Who is Alexander Botts?

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This fall, Octane Press published the first installment of Alexander Botts and the Earthworm Tractor, a series of humorous short stories about a bumbling salesman's trial and tribulations selling crawler tractors. His unusual sales tactics send the machines through seemingly impervious swamps, murky lakes, and high snowbanks. His schemes consistently backfire but, in the end, he never fails to close a deal! In the first book, Botts Begins, he talks his way into a job selling Earthworm Tractors for The Farmers' Friend Tractor Company. 

Who is this larger than live character? Botts is based off the author's, William Hazlett Upson, brief career as a mechanic for Caterpillar Tractor Company. But they have more in common than we knew!

The Botts stories were published in the Saturday Evening Post from 1927-1975. Though wildly popular decades ago, not many people know of them today. There are over 100 hilarious stories and Octane Press will publish the series in its entirety including several stories that did not appear in the Post. Get to know Botts with this short excerpt and join our mailing list to be the first to hear about future publications!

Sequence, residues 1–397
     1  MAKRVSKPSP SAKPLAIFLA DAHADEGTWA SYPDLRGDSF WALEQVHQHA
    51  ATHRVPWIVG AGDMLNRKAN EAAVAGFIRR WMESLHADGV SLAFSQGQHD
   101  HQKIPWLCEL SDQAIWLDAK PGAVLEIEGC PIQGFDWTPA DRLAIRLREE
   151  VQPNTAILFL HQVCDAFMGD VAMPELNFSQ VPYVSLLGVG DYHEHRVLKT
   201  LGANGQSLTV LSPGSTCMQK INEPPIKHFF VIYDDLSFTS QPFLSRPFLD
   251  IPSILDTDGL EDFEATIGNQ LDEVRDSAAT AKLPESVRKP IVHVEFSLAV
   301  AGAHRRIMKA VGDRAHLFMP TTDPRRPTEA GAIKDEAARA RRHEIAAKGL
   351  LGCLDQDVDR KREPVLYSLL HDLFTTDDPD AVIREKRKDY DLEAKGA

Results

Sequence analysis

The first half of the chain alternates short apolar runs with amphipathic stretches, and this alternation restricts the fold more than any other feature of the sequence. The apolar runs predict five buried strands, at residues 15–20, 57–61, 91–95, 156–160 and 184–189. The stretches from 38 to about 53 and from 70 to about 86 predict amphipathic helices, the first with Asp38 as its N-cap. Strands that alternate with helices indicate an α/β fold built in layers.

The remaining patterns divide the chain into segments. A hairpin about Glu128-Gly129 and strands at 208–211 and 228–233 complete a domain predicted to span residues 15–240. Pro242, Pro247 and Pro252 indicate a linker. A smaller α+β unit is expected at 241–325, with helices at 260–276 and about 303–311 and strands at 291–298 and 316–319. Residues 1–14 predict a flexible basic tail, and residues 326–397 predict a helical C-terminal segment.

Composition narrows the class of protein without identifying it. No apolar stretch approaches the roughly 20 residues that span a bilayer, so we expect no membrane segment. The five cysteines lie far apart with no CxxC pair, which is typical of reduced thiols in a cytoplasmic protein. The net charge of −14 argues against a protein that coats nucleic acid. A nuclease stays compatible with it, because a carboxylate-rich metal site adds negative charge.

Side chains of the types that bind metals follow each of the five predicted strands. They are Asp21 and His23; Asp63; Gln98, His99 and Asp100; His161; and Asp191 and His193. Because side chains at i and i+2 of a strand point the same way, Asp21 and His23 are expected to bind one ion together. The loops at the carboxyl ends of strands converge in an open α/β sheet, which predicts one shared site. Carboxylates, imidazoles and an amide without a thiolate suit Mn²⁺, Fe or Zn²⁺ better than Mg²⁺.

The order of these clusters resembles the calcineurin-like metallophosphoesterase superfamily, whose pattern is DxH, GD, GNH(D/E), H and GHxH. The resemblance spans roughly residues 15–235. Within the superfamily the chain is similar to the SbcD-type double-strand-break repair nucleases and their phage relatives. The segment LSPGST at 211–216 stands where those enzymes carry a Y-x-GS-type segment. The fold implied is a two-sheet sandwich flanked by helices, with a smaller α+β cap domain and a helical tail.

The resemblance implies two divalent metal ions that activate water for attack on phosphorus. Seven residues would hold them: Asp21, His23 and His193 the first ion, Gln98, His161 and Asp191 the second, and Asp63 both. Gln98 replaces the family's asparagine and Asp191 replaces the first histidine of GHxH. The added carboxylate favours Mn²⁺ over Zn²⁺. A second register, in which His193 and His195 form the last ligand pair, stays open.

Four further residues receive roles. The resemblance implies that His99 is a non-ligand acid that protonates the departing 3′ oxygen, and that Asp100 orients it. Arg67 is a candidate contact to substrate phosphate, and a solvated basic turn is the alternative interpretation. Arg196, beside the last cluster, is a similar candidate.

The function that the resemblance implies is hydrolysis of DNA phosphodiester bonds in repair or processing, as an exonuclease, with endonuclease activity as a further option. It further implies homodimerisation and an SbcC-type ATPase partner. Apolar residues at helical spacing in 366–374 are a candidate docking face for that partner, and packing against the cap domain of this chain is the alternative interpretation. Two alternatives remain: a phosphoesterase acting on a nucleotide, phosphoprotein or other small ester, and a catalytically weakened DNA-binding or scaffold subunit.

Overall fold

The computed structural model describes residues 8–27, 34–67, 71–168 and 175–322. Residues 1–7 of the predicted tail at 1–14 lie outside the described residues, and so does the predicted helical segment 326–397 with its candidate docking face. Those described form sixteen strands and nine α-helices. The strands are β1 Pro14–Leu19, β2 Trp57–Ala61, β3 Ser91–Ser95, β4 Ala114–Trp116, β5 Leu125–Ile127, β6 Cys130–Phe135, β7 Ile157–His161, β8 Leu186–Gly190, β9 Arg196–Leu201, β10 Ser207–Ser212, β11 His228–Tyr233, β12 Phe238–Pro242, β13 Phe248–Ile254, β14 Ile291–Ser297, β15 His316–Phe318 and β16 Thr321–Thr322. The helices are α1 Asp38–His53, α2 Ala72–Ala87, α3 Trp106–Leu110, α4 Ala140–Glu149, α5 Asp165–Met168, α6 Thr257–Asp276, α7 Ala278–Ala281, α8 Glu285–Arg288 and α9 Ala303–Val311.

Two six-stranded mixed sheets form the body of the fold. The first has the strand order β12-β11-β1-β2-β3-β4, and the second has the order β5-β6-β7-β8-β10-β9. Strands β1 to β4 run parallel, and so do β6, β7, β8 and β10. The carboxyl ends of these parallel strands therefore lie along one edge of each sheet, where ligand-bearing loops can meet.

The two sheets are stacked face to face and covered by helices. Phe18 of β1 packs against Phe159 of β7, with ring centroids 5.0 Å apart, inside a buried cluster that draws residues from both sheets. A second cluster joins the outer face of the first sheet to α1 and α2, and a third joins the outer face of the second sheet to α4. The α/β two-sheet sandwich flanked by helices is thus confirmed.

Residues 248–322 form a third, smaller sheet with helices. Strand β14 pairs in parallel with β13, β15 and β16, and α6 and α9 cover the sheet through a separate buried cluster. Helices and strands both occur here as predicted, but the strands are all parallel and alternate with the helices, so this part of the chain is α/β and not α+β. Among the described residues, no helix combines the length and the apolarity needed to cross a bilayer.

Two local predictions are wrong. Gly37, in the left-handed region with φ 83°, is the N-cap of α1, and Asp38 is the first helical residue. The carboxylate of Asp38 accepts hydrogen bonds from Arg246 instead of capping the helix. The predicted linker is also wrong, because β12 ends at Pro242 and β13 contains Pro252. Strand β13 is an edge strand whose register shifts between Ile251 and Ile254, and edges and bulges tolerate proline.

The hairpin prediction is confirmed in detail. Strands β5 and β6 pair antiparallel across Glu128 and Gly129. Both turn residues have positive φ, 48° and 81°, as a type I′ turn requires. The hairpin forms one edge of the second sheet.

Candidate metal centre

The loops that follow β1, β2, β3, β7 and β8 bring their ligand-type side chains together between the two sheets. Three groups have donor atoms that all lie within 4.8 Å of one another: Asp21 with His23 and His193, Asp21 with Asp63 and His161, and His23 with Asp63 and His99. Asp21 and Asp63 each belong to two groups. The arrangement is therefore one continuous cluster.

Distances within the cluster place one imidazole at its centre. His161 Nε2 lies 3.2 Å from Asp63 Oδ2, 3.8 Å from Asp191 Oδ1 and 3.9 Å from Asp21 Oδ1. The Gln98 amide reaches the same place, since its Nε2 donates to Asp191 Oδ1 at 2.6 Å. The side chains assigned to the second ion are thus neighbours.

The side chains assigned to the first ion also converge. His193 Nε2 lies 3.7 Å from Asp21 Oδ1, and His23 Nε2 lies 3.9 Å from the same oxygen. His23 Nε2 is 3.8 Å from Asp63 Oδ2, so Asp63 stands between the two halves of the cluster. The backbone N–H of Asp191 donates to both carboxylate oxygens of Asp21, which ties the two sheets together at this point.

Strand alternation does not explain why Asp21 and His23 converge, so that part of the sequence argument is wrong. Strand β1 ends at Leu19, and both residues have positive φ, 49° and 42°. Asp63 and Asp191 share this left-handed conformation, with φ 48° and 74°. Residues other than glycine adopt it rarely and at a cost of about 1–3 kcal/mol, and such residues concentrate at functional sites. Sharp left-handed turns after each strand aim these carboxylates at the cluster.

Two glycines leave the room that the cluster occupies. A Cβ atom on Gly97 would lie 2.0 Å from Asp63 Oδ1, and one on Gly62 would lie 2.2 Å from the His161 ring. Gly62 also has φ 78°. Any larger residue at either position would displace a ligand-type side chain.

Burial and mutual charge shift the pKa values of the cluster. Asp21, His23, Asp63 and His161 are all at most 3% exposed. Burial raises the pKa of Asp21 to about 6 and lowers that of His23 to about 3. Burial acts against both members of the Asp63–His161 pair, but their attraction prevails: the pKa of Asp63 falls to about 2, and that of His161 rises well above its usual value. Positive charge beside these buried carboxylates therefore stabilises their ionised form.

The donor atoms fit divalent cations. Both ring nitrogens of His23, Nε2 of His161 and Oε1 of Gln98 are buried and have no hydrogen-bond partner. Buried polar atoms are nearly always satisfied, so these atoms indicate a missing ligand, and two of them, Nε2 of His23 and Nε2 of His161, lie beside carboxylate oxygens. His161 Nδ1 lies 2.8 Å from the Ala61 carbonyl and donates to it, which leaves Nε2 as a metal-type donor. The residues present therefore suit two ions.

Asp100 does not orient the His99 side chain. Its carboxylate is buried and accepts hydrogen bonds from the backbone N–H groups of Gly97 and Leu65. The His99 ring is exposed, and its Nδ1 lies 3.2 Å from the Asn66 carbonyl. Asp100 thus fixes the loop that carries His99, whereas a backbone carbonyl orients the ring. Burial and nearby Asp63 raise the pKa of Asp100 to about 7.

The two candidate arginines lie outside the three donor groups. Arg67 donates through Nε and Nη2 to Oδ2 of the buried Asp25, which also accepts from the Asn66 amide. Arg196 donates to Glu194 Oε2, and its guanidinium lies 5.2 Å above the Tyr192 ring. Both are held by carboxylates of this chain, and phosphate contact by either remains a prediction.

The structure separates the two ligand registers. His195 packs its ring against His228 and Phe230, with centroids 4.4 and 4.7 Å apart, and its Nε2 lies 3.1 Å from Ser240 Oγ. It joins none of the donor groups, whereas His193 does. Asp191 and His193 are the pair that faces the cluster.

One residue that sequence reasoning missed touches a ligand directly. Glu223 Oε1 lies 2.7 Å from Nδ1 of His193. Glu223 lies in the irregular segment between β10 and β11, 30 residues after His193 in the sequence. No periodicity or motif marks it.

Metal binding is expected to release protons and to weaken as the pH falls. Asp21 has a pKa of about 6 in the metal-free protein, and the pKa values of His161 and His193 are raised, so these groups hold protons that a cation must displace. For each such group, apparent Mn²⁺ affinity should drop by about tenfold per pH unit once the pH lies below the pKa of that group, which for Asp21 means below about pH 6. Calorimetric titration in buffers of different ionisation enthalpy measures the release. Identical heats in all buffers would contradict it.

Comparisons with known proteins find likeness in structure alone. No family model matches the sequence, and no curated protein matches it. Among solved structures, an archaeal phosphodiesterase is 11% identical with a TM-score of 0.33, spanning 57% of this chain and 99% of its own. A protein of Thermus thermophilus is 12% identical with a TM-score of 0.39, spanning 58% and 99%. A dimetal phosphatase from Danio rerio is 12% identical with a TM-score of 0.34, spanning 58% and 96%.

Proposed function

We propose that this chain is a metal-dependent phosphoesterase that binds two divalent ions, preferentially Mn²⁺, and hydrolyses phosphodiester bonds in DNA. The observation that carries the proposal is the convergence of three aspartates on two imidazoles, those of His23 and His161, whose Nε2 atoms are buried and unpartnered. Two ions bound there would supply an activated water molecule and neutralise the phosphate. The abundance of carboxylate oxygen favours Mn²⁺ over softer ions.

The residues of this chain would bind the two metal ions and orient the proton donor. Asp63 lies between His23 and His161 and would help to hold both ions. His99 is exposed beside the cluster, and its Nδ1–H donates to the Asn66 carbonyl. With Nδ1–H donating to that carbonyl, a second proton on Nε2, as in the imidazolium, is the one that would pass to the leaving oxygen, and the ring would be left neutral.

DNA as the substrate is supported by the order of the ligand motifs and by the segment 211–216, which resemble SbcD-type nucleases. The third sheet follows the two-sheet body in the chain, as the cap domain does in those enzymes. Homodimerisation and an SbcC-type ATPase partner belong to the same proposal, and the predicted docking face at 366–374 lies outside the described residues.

In this excerpt from the short story "I'm a Natural-Born Salesman," you meet Alexander Botts on his first sales job with the Farmers' Friend Tractor Company. In a letter to his boss, he explains his unusual sales tactics and an unfortunate encounter with a potential buyer.

After paying the freight I hired several guys from the town garage to put gas and oil in the tractor, and then I started them bolting the little cleats onto the tracks. You see I am right up on my toes all the time. I think of everything. And I figured that if we were going through the mud we would need these cleats to prevent slipping. While they were being put on, I stepped over to the office of Mr. Johnson, the lumberman.
As soon as I had explained my errand to this Mr. Johnson—who is a very large, hard-boiled bozo—he gave me what you might call a horse laugh.
“You are wasting your time,” he said. “I told that fool salesman who was here before that tractors would be no good to me. All my timber is four miles away on the other side of the Great Gumbo Swamp, which means that it would have to be brought through mud that is deeper and stickier than anything you ever seen, young feller.”

“You would like to get it out, wouldn’t you?” I asked.
“I sure would,” he said, “but it’s impossible. You don’t understand conditions down here. Right on the roads the mules and horses sink in up to their bellies; and when you get off the roads, even ducks and turtles can hardly navigate.”
“The Earthworm tractor,” I said,” has more power than any duck or turtle. And if you’ll come out with me, I’ll show you that I can pull your logs through that swamp.”
“I can’t afford to waste my time with such crazy ideas,” he said. “I’ve tried motor equipment. I have a motor truck now that is stuck three feet deep right on the main road at the edge of town.”
“All right,” I said, always quick to grasp an opportunity, “how about coming along with me while I pull out your truck?”